I love 1970/80’s music/movie magazines and fanzines made by entusiasts. They capture a moment in time when some of the now big bands where in their early stage of their careers.
Ryan Richardson have made a fantastic job scanning these old legendary magazines so you can download them from the websites he set up. Mr Richardson is one of the United States’ foremost collectors, archivists, and dealers of punk rock records and ephemera, as well as being the Internet saint who created free online archives of Star, Rock Scene, and Slash magazines. He also runned Fanzinefaves, a repository of various early punk zines as well as the exhaustive punk info blog Break My Face.
Boston Rock was a tabloid format entertainment magazine published in Boston, Massachusetts. Its focus, as stated on the cover was: fashion, style, and entertainment. The main focus was on the local music scene and indie rock. The first issue of Boston Rock was published in June 1980, and the final was reported in February 1987.
Bay Area’s Damage magazine was published between July 1979 and June 1981. Damage concentrated its coverage on the San Francisco and LA punk scenes, but also covered other underground music scenes.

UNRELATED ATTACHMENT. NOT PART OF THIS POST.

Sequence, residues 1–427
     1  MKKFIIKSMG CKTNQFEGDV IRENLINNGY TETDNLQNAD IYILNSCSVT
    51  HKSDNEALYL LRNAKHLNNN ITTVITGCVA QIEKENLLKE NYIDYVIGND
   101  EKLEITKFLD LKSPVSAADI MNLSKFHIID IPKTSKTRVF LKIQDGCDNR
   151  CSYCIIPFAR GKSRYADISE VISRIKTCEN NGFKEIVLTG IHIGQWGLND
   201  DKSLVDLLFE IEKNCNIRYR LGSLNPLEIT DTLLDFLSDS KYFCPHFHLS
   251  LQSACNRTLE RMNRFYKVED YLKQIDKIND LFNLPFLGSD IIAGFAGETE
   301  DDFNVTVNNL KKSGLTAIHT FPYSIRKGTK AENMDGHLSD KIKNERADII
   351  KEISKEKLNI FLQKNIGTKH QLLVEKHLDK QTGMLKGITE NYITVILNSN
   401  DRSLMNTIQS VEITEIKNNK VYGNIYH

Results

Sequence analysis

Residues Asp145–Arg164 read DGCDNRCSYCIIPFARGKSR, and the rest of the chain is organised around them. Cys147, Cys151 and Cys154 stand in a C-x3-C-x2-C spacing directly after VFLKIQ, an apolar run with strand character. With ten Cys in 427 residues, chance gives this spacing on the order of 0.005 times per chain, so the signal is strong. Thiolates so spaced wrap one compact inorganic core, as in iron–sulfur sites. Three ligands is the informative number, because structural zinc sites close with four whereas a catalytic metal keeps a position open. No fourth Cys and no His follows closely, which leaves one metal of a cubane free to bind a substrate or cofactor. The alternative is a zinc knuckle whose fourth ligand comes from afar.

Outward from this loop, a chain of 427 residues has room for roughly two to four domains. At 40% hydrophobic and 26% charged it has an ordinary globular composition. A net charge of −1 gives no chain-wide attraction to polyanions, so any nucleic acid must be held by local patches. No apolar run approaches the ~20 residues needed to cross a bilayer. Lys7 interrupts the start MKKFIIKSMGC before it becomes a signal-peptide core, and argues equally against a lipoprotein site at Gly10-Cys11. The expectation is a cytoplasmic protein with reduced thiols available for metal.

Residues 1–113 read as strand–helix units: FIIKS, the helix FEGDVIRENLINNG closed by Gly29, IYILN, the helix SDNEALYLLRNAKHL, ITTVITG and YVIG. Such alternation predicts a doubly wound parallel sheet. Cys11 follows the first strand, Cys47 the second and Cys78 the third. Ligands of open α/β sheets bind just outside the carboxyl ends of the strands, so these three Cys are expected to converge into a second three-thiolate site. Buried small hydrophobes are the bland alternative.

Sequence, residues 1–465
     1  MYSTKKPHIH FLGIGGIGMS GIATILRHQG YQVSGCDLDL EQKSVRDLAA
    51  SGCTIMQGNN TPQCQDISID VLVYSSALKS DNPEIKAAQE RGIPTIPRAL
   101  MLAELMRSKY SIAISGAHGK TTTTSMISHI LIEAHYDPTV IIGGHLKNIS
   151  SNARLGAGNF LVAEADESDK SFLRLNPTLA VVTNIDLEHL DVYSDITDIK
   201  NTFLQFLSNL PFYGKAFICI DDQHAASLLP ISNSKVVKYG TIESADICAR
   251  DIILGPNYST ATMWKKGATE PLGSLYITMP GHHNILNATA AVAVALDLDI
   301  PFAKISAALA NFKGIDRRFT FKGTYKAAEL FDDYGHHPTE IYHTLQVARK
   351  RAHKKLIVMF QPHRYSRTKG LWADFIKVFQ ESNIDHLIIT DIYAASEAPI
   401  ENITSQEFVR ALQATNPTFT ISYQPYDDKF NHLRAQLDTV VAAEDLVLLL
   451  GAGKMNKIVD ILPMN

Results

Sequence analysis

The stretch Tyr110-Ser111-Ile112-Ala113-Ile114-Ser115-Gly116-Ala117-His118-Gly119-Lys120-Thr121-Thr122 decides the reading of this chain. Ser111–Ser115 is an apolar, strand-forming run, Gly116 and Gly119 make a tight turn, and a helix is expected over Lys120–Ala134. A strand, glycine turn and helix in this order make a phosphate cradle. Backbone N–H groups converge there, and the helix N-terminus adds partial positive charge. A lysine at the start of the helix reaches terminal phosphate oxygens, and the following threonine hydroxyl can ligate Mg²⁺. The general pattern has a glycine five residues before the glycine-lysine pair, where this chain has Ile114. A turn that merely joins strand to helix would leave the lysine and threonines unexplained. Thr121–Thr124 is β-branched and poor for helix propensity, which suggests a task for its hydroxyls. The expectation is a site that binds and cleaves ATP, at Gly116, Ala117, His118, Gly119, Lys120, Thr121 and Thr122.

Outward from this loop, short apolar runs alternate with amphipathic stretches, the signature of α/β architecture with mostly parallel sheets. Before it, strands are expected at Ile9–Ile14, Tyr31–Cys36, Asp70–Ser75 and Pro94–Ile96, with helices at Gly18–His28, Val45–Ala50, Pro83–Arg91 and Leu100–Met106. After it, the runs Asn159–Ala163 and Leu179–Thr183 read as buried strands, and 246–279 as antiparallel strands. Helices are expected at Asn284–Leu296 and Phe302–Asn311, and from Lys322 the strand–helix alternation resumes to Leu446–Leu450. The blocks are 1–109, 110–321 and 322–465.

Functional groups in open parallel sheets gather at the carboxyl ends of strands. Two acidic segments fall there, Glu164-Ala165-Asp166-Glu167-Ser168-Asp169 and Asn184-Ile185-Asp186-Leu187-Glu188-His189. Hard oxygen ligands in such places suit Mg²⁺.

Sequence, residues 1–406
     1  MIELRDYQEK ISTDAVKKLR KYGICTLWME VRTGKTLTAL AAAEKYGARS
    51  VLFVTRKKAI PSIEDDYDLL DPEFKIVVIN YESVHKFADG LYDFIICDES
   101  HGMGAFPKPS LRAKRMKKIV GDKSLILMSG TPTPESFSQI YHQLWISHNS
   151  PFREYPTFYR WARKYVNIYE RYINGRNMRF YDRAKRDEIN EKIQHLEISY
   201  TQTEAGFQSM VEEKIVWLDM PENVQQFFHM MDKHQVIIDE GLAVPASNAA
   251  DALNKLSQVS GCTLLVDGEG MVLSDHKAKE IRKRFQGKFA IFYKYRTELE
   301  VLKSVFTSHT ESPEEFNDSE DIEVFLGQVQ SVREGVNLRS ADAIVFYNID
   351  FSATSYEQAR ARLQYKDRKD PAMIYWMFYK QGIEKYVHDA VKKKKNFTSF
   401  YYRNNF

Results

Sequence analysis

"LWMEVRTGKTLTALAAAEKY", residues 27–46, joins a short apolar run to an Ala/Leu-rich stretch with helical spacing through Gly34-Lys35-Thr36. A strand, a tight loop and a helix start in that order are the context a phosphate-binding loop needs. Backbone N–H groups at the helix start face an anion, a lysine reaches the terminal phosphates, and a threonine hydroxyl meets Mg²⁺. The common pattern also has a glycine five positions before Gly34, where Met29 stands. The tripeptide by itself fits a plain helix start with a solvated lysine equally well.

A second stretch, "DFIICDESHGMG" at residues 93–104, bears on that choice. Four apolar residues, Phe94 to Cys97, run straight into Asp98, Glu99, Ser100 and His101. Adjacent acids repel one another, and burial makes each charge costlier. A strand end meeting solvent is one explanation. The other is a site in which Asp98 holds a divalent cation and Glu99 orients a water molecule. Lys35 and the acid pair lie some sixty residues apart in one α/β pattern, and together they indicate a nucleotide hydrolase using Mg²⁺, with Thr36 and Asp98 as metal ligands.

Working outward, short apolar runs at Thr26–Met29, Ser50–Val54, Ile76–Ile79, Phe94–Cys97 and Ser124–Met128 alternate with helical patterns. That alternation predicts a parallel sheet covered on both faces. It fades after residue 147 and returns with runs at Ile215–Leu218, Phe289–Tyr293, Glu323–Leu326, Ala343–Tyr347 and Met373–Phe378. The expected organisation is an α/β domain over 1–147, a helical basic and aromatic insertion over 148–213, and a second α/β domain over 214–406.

New York based Punk Rock fanzine that released 14 issues between 1979 – 1982
1978 – 1985, Punk rock and the wierd performance world.
Rock Scene Magazine
A rock magazine that existed between 1973-1982. What set Rock Scene apart from other 70’s rock rags (Hit Parader, Creem, Circus) was their wholehearted embrace of punk in its earliest formations.
This was a punk rock-related fanzine published by Steve Samiof and Melanie Nissen in the United States from 1977 to 1980. The magazine was a large-format tabloid focused on the Los Angeles punk scene. With relatively wide distribution for a punk zine, Slashhelped bring the L.A. underground scene to the attention of the rest of the world. The fanzine also gave birth to Slash Records, an important punk record label.
A scandalous and short-lived 70’s teen magazine! The first issue of Star hit the stands in February 1973. With its over-the-top advice and irreverent coverage of LA’s teenage groupie scene, it wasn’t long before Petersen Publishing was feeling the heat from “concerned citizens”. Five issues and five months later, publication ceased.
Visit some of Ryan Richardson websites down below for direct downloads or to read them online.